Celiac.com Sponsor (A1):


Join eNewsletter


Celiac.com Sponsor (A1-m):



Join eNewsletter

debbiewil

Advanced Members
  • Content Count

    151
  • Joined

  • Last visited

1 Follower

About debbiewil

  • Rank
    Star Contributor

Contact Methods

  • Website URL
    http://
  • ICQ
    0

Profile Information

  • Location
    Maryland

  1. I have the book and I've read it. Actually, I don't think it told me anything I didn't know, it just confirmed things that I've thought for years. Like doctors don't believe patients tell the truth, if it doesn't seem to match with the diagnosis or idea that the doctor already has. So if you say, have liver disease, and the doctor thinks it's because you are an alcoholic, he's already made up his mind and isn't going to test for anything else. And if you tell him you're a life-long teetotaler, he's still not going to test for anything else, because he thinks you're lying. Some other things like that - doctors don't think of testing for so-called 'rare' diseases even if you have all the symptoms. They're told in medical school that they'll never see a patient with this, so they don't test for it. Well, honestly, no matter how rare it is, if it exists at all, some doctor eventually has to see it, right? So if you have the symptoms for it, the doctor should test for it, but they don't. Anyway, the book did describe typical 'doctor think' and had a couple of suggestions for dealing with it. It wasn't a bad book, but I'm more tempted to bring it to my doctor next time I go in, and point out the things my doc does, and why that's not good medical practice. If I did that though, I probably wouldn't have the doc any longer. LOL

    Debbie


  2. Ok, some good stories for balance.

    A friend of mine was working as a waitress a couple of nights a week. A gentleman came in who didn't speak really good English. He did explain that for religious reasons he couldn't have any pork. She suggested the prime rib special. He asked her to make sure it wasn't pork. She said it wasn't, but since he was so concerned, she would check with the chef. She went into the kitchen and asked. The other staff in the kitchen started laughing at her for asking. She said that it was important to the customer, so it was important to her to double check, even though she knew it wasn't. The manager backed her up, and told all the wait staff to always ask when a customer had concerns about the food!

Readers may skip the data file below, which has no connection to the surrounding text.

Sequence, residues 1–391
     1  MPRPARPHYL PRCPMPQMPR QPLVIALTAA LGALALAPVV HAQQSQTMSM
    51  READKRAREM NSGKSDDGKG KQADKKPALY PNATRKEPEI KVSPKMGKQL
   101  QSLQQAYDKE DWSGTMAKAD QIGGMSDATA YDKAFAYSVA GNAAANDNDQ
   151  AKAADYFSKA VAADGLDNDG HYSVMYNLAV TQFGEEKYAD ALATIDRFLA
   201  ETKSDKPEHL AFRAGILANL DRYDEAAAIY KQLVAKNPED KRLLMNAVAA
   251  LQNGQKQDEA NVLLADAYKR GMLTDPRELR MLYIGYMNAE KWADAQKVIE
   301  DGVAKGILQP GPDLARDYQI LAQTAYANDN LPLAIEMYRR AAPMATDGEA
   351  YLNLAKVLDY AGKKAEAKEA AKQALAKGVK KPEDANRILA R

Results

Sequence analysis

Was at a fair this summer. Had brought some food, but was there longer than planned and started getting hungry. One booth was serving meat on a roll. I could see the meat being cooked and they only seasoned with salt and pepper. When it was done, they carved it up at the cooking area, then brought it over to another table where a couple of people were making sandwiches. Well, I was hungry and figured it couldn't hurt to ASK, so I went up and said I had an allergy (easiest) and asked if I could get meat without the bun. The girl taking the orders said sure, and turned around to one of the others and said one order with no bun. Well, the guy at the table looked up and said "No bun?" and I figure I'm going to have to

    explain everything, but the girl said "yes, it can't even go NEAR the bun!" While I'm standing there open mouthed, the guy goes "OK" takes off his gloves (I hadn't said a word about them yet!), puts on clean gloves, got a new piece of foil from the box, not one that was sitting out on the table by the buns, walked over to the cooking area and got some meat fresh sliced off the roast!

    And it was absolutely delicious! So there are some people who do "get it". I hadn't said a word about cross contmination or anything, but both of them were obviously aware of the issues.

    Debbie


  3. It was in Elkton, MD at State Line Liquor.

    Go to your local Outback and ask to speak to the manager in charge of ordering. Ask him/her to please begin carrying Bard's Tale (that is apparently the easiest to get) and explain why with their whole gluten free menu and what not. We asked and within a week we were able to go in and sit at a table and drink a nice, cold beer, just like everyone else. :D

    Guhlia, Outback has a policy of rewarding employees when they get a positive customer letter/email about the employee. Write a letter or send an email to Outback corporate, and let them know how pleased you are with this employee and with having the beer available. It will give the employee a boost, which might make that employee and any others in that restaurant an incentive to be even more celiac friendly, and it will also let corporate know that there is a need for this at all the restaurants. Can't hurt, might help.

    Debbie


  4. Rachel,

    If you ever experiment with making different kids of ice cream, see if you can invent an ice cream called:

    "Arctic Altoids" :D

    Hugs.

    Karen

    Bad Karen :rolleyes::lol::):lol::lol:

    Ohhh, that shouldn't be hard at all. They have ice cream all the time with candies, cookies, etc. chopped up in them. Just a good basic ice cream, crush up the altoids or run them through the food processer, and mix them in. The question is - Do we tell people what's in them before serving or not?

    Debbie


  5. Rachel,

    If you ever experiment with making different kids of ice cream, see if you can invent an ice cream called:

    "Arctic Altoids" :D

    Hugs.

    Karen

    Ohhh, that shouldn't be hard at all. They have ice cream all the time with candies, cookies, etc. chopped up in them. Just a good basic ice cream, crush up the altoids or run them through the food processer, and mix them in.